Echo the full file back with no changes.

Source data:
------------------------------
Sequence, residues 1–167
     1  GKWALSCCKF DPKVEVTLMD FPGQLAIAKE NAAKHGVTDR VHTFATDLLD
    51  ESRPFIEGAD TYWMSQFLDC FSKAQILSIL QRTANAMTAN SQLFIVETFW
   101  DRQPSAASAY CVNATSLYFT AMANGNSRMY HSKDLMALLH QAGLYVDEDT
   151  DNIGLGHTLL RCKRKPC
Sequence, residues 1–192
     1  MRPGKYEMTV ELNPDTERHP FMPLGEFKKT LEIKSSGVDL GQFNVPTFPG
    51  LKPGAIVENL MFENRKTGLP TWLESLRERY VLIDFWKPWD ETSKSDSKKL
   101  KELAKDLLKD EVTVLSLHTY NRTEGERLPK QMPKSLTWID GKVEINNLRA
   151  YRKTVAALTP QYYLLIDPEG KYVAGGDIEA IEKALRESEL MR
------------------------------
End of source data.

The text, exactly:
Sequence, residues 1–167
     1  GKWALSCCKF DPKVEVTLMD FPGQLAIAKE NAAKHGVTDR VHTFATDLLD
    51  ESRPFIEGAD TYWMSQFLDC FSKAQILSIL QRTANAMTAN SQLFIVETFW
   101  DRQPSAASAY CVNATSLYFT AMANGNSRMY HSKDLMALLH QAGLYVDEDT
   151  DNIGLGHTLL RCKRKPC
Sequence, residues 1–192
     1  MRPGKYEMTV ELNPDTERHP FMPLGEFKKT LEIKSSGVDL GQFNVPTFPG
    51  LKPGAIVENL MFENRKTGLP TWLESLRERY VLIDFWKPWD ETSKSDSKKL
   101  KELAKDLLKD EVTVLSLHTY NRTEGERLPK QMPKSLTWID GKVEINNLRA
   151  YRKTVAALTP QYYLLIDPEG KYVAGGDIEA IEKALRESEL MR